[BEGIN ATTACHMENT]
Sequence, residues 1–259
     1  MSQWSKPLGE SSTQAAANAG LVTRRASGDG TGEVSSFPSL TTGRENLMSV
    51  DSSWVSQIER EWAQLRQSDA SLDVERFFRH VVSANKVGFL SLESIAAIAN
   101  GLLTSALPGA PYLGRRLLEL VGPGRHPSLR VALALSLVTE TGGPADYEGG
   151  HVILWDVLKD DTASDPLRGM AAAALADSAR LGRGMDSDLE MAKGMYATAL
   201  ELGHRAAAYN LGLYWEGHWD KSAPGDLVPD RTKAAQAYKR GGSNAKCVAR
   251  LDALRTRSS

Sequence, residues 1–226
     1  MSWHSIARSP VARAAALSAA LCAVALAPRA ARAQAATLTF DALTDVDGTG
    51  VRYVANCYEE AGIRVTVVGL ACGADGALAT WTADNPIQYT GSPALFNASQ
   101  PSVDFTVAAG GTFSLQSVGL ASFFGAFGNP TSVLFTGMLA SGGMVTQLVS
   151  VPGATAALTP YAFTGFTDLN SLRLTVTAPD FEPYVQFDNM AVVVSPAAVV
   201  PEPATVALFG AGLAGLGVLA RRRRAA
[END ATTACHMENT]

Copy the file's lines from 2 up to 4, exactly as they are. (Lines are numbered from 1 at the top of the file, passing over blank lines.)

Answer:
     1  MSQWSKPLGE SSTQAAANAG LVTRRASGDG TGEVSSFPSL TTGRENLMSV
    51  DSSWVSQIER EWAQLRQSDA SLDVERFFRH VVSANKVGFL SLESIAAIAN
   101  GLLTSALPGA PYLGRRLLEL VGPGRHPSLR VALALSLVTE TGGPADYEGG